Students from Global Student Programs & Development held a kickoff event in the spring for the first time to emphasize the continuing value of community groups and involvement on Jan. 18.
HELPING STUDENTS CONNECT
GSPD utilizes community groups to help global students foster deeper relationships with each other. Interns lead these small groups by holding meetings regularly and hosting small events, all organized according to the availability of its members. Although the community groups team hosted a kickoff event in the fall to assign interested students to a group captained by an intern, this semester marks the first time it has occurred during the spring semester.
According to community groups team coordinator and senior studio arts major Laura Webster, the extra event allows students to reconnect with their groups.
“Typically, we found that when schedules shift, sometimes interests can shift too. So what we want to do is kind of reignite the interest and bring people in and have some fun to start off the spring semester,” Webster said.
The event itself proceeded without significant departure from the fall kickoff, though some students noted a decrease in attendance from the previous semester. Following an Olympic theme, Webster led teams of students in a series of activities and games, awarding points to the best performing teams before presenting a prize to the winner at the end of the evening.
Students who did not have a community group could also sign up to join one during the event.
Despite the preparation and organization required to hold the event, community groups intern and sophomore mathematics and psychology major Filip Peia takes pleasure in seeing other students attend.
“I actually feel encouraged when people show up. We’re glad that we actually get to do these events for people that want to come and that they actually enjoy the time,” Peia said. “That just brings a warm feeling to my heart.”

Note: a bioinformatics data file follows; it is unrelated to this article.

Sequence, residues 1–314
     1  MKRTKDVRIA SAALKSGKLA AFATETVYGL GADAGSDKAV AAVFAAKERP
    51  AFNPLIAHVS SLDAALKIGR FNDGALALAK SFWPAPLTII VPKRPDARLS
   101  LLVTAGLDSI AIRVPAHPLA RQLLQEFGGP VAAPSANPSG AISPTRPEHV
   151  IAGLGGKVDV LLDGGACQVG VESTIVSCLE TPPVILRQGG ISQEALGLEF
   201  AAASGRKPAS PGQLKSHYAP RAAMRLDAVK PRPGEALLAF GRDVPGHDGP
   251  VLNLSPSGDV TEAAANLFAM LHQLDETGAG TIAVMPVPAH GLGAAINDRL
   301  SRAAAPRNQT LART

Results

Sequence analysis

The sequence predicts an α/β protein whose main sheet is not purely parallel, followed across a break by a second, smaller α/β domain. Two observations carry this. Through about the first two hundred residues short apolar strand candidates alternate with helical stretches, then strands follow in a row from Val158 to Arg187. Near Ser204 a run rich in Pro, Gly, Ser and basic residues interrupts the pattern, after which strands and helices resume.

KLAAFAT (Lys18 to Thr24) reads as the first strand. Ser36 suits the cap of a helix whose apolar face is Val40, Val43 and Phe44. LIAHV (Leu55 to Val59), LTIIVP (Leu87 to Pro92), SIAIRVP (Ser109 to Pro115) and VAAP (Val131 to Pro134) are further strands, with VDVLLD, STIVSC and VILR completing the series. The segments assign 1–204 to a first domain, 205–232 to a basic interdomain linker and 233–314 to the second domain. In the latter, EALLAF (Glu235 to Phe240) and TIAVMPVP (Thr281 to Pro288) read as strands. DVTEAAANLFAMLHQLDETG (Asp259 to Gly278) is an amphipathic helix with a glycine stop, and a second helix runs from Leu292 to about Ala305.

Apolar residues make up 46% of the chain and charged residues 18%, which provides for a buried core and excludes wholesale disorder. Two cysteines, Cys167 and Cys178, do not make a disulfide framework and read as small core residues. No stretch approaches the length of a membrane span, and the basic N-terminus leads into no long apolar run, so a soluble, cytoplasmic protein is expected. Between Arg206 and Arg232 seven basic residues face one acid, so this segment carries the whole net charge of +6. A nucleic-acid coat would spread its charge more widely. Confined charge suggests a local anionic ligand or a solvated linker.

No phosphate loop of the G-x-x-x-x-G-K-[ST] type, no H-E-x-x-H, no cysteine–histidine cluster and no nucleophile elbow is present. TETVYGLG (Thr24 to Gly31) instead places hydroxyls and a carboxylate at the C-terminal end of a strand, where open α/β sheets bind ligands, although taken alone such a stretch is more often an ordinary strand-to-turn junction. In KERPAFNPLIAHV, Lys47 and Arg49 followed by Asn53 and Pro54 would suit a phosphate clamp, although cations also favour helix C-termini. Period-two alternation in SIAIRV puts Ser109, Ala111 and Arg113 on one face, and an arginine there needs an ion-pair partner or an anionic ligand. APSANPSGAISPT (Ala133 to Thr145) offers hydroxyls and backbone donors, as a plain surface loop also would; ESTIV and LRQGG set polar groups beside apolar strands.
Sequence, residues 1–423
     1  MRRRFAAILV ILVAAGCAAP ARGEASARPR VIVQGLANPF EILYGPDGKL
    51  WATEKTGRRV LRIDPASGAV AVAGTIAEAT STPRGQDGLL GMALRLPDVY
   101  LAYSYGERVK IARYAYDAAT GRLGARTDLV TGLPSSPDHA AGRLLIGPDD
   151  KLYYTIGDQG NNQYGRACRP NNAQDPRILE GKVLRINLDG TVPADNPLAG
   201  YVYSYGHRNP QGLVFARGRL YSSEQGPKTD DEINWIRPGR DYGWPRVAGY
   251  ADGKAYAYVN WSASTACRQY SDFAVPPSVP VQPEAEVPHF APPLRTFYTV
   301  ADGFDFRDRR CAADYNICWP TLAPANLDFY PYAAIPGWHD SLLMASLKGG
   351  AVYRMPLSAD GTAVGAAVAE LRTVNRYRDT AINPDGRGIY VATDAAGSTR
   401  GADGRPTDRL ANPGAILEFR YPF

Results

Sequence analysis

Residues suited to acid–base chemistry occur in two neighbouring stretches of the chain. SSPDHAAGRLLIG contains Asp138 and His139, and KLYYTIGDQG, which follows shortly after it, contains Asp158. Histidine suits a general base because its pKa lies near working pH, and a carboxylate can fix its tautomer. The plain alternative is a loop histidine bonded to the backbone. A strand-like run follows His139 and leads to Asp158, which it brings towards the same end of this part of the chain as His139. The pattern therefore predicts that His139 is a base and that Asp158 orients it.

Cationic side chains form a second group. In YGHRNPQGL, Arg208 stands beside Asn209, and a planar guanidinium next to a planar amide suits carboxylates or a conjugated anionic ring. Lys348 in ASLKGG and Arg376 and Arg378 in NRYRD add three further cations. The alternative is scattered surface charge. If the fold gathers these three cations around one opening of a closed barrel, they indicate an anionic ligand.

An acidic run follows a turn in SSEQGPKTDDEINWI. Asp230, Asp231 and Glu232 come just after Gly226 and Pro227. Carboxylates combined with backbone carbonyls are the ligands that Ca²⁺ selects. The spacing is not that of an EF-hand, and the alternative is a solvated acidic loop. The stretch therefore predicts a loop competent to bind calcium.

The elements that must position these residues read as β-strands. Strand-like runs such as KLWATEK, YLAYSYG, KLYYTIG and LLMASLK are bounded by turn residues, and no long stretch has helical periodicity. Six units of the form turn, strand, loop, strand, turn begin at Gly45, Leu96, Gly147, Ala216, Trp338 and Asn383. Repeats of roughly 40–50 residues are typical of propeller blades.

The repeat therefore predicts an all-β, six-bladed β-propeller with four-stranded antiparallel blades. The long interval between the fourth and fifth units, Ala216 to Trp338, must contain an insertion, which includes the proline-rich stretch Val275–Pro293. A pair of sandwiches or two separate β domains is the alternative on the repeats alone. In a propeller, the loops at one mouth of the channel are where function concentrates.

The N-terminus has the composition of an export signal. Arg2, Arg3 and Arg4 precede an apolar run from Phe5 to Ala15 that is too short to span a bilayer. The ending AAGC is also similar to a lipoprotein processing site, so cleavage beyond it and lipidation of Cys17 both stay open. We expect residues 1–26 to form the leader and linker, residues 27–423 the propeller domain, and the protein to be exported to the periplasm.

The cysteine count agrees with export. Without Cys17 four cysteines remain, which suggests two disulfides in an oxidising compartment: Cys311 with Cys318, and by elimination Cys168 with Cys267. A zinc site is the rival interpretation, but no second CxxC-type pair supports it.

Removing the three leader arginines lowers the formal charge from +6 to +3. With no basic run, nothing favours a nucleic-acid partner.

RELATIONSHIPS GROW IN SMALLER GROUP
While community groups intern and senior multidisciplinary major Meredith Bolthouse noticed fewer people attended than expected, she believes the event served its purpose well by giving students the opportunity to interact with other community groups.
“I think it went really good,” Bolthouse said. “We were able to adapt the program and I think it went better with the smaller amount of people, and I think people had a good time.”
Media team intern and sophomore biology major Ye Jeong Lee felt somewhat disappointed in the smaller turnout. Nonetheless, she appreciated the emphasis on team-building games and believes the event allowed students whose community group leaders did not return to Biola in the spring to continue their involvement.
Lee also believes events such as the spring kickoff help students to refocus on their identities.
“I think [these events are] good for the Biola community because… it helps us to kind of center ourselves as we go out, [so] we don’t lose ourselves,” Lee said. “And yeah, it’s also open to everybody.”